The Future of Fidelity

What is the future of Sex?  Can we, as pair bonding humans, really stay faithful to each other?

Are we destined to cheat? Helen Fisher, anthropologist and researcher, says extra marital affairs have always happened at a very high rate and are only now being reported more accurately.  Current studies show as many as 65% of married men cheat on their wives at least once during their married lives and at leat 55% of women have affairs as well.  Fisher says it is the same across at least five other cultures, world wide. 

If infidelity is not new, perhaps it is the longevity of the human life span that has changed over the centuries and couples are looking for new ways to manage loss of interest in one partner; an inevitable result of cohabitation and long term commitment.

Nena and George O’Neill, in their ground breaking book “Open Marriage” first published in 1972, created a movement toward a sexually liberated, idealist (and legal) partnership between spouses.  The book helped popularize the term ‘open marriage.’   Open marriage defined husband and wife as a more egalitarian union than their parent’s partnership from the 50s and helped couples look at less confining stereotypes of relationships.

However, George and Nena both later admitted that they underestimated the role of jealousy in a committed partnership.  Was it youthful idealism that led them to believe that a couple could have an open sexual relationship with other partners and still maintain a primary sexual attachment to their mates?  Rumor has it that the O’Neill’s, prior to George’s death, had separated.  They did return to their primary commitment to each other – without outside partners – later in their life.

In the 70s, prior to the awareness of sexually transmitted diseases like AIDS and with the prevalence of birth control, couples could find freedom in swinging, drugs and a new open sexual revolution while still finding ways to maintain financial and parental connection.

Non-monogamy and open marriage on a sexual level was only part of what the O’Neill’s proposed, other ideas being that men and women should have friends of the opposite sex.  (Note: Interestingly, this concept has recently come under scrutiny in some writings about the topical problem of ‘emotional affairs.’  Some therapists recommend that couples should disengage from all outside friendships with members of the opposite sex.  Perhaps this is an indication that we are swinging back to a more conservative look at marriage and relationship in response to a greater awareness of the nature of infidelity.)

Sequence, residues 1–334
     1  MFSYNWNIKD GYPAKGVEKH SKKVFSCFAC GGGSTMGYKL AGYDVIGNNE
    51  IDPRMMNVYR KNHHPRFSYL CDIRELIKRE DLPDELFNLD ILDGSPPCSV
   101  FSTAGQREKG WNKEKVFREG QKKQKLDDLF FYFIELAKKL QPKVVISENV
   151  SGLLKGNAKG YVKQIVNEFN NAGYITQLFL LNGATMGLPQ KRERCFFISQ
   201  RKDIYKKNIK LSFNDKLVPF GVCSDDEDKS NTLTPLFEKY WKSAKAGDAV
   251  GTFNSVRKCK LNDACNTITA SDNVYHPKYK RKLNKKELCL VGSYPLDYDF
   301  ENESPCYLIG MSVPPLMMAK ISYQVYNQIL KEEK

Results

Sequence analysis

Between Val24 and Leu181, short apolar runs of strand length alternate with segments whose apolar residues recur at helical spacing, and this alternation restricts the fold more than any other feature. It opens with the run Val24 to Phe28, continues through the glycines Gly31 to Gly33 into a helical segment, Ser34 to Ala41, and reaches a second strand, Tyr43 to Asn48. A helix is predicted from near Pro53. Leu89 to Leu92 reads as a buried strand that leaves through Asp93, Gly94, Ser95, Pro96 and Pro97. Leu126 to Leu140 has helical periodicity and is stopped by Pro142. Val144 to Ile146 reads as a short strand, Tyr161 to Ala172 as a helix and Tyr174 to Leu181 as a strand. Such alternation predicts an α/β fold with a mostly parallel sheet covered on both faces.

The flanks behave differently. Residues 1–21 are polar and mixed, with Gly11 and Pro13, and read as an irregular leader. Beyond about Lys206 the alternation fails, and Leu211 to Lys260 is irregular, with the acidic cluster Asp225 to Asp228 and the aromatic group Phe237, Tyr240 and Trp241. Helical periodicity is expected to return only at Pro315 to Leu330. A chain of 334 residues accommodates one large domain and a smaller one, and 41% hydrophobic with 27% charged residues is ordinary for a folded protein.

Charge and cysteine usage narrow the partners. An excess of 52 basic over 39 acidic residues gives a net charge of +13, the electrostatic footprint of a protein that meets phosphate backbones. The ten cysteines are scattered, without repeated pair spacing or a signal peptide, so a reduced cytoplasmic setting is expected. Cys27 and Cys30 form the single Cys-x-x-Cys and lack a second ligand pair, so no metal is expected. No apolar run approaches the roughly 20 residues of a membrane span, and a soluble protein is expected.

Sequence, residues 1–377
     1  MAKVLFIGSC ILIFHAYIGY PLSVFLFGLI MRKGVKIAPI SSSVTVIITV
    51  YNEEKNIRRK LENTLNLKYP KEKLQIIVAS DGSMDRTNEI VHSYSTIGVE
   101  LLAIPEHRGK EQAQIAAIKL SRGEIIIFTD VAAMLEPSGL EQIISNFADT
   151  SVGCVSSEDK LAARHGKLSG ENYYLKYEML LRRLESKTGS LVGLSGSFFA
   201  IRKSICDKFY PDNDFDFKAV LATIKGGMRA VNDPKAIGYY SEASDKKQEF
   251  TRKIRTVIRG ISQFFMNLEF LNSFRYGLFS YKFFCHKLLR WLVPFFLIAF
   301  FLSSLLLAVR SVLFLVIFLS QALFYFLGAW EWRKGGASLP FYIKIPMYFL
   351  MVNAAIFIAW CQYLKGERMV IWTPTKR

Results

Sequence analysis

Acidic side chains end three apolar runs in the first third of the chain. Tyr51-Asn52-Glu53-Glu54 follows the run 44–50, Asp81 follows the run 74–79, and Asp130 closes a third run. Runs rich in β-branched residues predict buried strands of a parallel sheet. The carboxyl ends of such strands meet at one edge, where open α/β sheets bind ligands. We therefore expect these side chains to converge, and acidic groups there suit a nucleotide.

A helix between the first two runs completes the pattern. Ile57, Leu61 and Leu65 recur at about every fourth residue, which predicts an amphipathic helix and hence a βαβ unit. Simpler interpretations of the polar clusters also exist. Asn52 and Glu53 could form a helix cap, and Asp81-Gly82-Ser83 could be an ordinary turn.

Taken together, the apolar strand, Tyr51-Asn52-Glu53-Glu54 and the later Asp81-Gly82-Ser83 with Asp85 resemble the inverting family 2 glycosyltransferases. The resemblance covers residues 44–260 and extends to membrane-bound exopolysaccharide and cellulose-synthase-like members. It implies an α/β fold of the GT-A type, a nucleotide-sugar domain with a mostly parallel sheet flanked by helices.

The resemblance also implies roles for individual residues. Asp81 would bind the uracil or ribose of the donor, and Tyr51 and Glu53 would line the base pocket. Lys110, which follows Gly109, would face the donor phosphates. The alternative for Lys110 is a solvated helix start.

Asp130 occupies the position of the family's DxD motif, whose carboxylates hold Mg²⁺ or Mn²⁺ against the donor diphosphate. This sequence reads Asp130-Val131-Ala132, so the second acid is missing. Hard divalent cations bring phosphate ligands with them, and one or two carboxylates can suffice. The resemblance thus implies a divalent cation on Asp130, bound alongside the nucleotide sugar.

Today, in this era where infidelity is common in marriage, couples in modern ‘open marriages’ are negotiating their fidelity partly as a way to avoid the pain of betrayal.  This new type of attachment includes management of their relationship through negotiation I call “out-fidelity.”  Out-fidelity versus infidelity means that their affairs are out in the open.  Couples can have sexual and emotional relationships with others as long as there is complete honesty and disclosure. 

But will it work?  Can relationships stay attached as the rules of honesty and disclosure change and transparency becomes the rule?  When transparency is negotiated, this affects the boundaries of the whole system.  This boundary issue becomes paramount as couples strive to maintain intimacy with a primary or secondary partner or when there are three or more in a cluster that are trying to create intimate connection and emotional attachment.  

Here in America celebrities and politicians are “outed” every day for their affairs and infidelities.  The lying, cheating and sleeping around seems to fascinate us as a consumer public.  We seem surprised and somehow never tire of the news that yet another congressman or preacher is paying a prostitute for sex.  

Perhaps we are not meant to live long term with partners and stay sexually and emotionally connected fro 50, 60 or even 70 years.  

As more and more young couples come into treatment they are teaching me that they, not I, determine the “rules” of their relationship.  What is “cheating” if the rules are that you can have sex with anyone as long as you are honest about it?

            Can non-monogamy really work?  Can couples define their own fidelity?  What do you think??


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